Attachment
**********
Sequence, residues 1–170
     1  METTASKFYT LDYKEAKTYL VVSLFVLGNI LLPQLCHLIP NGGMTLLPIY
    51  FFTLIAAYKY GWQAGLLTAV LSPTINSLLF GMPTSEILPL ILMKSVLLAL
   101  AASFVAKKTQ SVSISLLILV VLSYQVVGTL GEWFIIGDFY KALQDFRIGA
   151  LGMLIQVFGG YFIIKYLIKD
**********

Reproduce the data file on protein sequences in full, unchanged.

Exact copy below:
Sequence, residues 1–170
     1  METTASKFYT LDYKEAKTYL VVSLFVLGNI LLPQLCHLIP NGGMTLLPIY
    51  FFTLIAAYKY GWQAGLLTAV LSPTINSLLF GMPTSEILPL ILMKSVLLAL
   101  AASFVAKKTQ SVSISLLILV VLSYQVVGTL GEWFIIGDFY KALQDFRIGA
   151  LGMLIQVFGG YFIIKYLIKD